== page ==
November 28, 2021

By Marc A. Garza, P.I.


              Scenario 1: You are going through a difficult child custody battle that involves a minor child. You receive information that the father of your child is consuming alcohol at a bar, then he leaves to pick-up the child for court ordered child visitation.

              Scenario #2: Your 10 year-old daughter tells you that when she visits her mother every other weekend, the mother goes out and and leaves her unattended at night. The mother usually comes home in the early morning hours drunk and with different men.

              Scenario #3: Your ex-wife has a new live-in boyfriend in her home. Your children tell you the new boyfriend is smoking out of a glass pipe and drinks a lot of alcohol. Your children also tell you that he always yells at their mother in the bedroom at night. 

             Scenario #4: You have physical custody of your 14 year-old grandson. You receive information that your grandson is doing drugs during the time he is visiting his father. His father doesn't seem to be home much and leaves him alone most of the time until he returns the child to you after his visitation.


What do you do?

            Unfortunately, these are actual situations of people who have called my office to inquire about my investigative services.  In all of these cases, I recommended them to consult with an attorney to obtain legal advice concerning their case. In many instances, an attorney will recommend hiring a Licensed Private Investigator ("PI") to assist and corroborate any information you have as to the allegations of misconduct during the time the minor child is visiting a non-custodial parent. This would be considered evidence in the discovery process of a legal case. I usually work closely with my client's legal counsel to assure that the evidence that I acquire will benefit the client's family law case.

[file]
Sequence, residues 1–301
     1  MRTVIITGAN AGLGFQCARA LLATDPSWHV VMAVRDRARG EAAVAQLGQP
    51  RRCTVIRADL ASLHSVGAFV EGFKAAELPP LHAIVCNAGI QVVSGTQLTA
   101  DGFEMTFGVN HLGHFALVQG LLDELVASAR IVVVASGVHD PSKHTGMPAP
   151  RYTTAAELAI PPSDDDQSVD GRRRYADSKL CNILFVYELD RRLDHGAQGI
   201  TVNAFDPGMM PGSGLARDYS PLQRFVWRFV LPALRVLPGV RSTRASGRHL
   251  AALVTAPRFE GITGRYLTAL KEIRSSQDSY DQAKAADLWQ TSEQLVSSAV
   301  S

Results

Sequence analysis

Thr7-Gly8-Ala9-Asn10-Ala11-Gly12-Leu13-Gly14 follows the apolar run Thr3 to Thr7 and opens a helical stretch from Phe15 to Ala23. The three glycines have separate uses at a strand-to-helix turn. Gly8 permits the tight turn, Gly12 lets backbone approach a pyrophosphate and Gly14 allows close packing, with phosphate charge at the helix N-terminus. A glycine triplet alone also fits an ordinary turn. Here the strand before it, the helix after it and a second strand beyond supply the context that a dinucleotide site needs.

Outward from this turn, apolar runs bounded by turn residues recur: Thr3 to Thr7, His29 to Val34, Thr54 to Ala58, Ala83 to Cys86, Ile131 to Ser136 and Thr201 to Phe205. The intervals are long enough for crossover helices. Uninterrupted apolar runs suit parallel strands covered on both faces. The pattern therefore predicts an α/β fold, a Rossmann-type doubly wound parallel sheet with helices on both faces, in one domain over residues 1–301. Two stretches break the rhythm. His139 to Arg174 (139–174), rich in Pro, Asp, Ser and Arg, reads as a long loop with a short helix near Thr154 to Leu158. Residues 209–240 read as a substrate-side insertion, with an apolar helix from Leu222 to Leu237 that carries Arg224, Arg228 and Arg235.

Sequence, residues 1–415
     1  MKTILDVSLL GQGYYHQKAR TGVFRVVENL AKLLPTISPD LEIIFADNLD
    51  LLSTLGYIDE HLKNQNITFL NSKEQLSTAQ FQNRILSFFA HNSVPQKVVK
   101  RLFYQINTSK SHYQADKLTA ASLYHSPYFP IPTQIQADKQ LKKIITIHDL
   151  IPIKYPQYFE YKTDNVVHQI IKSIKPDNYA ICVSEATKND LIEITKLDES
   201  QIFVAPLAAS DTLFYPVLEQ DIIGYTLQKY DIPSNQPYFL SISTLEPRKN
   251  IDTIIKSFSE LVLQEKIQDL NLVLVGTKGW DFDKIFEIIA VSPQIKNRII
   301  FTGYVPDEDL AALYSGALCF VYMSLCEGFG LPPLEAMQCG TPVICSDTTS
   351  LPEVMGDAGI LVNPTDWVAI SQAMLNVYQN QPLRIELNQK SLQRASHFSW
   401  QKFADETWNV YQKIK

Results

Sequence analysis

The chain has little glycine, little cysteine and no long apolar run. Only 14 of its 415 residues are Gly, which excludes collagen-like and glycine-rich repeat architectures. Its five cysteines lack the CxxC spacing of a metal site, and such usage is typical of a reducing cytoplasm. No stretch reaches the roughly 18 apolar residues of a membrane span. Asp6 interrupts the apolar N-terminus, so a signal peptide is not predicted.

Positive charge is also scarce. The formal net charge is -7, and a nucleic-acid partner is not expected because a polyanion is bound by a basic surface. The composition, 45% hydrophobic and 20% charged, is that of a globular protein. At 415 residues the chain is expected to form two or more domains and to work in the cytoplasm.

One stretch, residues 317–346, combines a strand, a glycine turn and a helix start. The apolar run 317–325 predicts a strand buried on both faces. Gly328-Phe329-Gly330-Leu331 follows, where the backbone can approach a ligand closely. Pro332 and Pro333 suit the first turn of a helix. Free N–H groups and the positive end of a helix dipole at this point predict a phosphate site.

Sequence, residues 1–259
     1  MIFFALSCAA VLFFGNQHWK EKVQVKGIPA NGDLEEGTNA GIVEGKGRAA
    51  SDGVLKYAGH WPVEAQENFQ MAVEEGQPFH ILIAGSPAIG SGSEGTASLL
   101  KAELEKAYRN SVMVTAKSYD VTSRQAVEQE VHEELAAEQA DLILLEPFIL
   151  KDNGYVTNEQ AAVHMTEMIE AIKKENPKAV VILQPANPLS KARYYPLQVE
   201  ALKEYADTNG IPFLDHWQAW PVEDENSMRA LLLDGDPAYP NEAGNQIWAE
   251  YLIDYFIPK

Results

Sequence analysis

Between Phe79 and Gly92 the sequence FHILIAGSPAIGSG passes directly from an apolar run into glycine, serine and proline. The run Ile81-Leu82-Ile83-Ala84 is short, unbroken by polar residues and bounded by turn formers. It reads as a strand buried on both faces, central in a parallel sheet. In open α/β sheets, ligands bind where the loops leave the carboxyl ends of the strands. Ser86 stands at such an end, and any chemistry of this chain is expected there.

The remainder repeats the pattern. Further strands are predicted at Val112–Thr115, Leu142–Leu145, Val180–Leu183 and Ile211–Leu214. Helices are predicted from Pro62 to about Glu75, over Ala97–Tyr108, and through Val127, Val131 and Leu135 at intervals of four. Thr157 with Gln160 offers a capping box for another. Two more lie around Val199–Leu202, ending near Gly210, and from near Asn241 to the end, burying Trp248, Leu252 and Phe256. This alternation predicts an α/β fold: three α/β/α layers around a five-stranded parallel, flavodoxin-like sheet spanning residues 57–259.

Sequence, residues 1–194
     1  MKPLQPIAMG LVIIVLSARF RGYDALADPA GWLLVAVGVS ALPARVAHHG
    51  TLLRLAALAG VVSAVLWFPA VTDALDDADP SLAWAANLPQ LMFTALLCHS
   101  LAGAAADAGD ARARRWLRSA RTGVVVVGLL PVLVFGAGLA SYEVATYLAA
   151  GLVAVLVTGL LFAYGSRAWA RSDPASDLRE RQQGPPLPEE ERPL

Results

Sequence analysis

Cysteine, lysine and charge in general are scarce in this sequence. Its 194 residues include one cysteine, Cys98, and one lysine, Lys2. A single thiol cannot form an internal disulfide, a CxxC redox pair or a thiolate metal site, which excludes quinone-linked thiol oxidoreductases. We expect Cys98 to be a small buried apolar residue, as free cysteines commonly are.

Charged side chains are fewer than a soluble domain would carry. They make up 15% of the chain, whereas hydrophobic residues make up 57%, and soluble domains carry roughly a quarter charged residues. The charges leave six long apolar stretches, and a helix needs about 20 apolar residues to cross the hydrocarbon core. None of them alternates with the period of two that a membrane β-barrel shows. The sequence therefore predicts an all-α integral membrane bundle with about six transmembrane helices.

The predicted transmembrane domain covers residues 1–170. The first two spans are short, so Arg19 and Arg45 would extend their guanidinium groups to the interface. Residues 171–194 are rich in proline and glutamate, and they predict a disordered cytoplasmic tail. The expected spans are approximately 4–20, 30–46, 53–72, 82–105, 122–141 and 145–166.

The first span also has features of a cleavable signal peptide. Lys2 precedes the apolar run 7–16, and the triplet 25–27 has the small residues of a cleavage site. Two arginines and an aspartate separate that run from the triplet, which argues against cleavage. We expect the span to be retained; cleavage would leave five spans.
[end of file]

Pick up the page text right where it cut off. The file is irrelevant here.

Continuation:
Evidence gathered by a private investigator is legal and usually admissible in court as long it has been gathered legally based on federal and state laws. In addition, a licensed PI can testify under oath regarding their investigation and findings.

But what information can a PI gather to support your case? 

            In the above scenarios, a PI can follow and/or conduct surveillance to obtain evidence which may include reports and video evidence to support the allegations of child endangerment or neglect in court. This would be considered evidence in a legal case once it has been submittetd to the court. Most cases will require a pattern of behavior over a period of time to solidify a case of child endangerment. Observing a parent leaving a child unattended one time will probably not be of benefit, however seeing the parent leaving a child unattended multiple times would be a significant finding in an investigation. 

What will this type of investigation cost? 

             Most PI's in California charge between $95-$150 per hour. The hourly rate will include expenses such as mileage, travel time, database research, surveillance and other investigative services. The hourly rate is deducted from a "Retainer" or deposit as work is completed on a case. Realistically,

50 hours is the average time it takes to conduct an adequate family law investigation over a 30-90 day period.  

           These situations can be gut-wrenching for a parent when they receive information of neglect and possible misconduct of the non-custodial parent during visitation times with their children. Using a qualified PI will assist in obtaining evidence to confirm suspicions in these cases, may lead to a positive outcome for the client in court.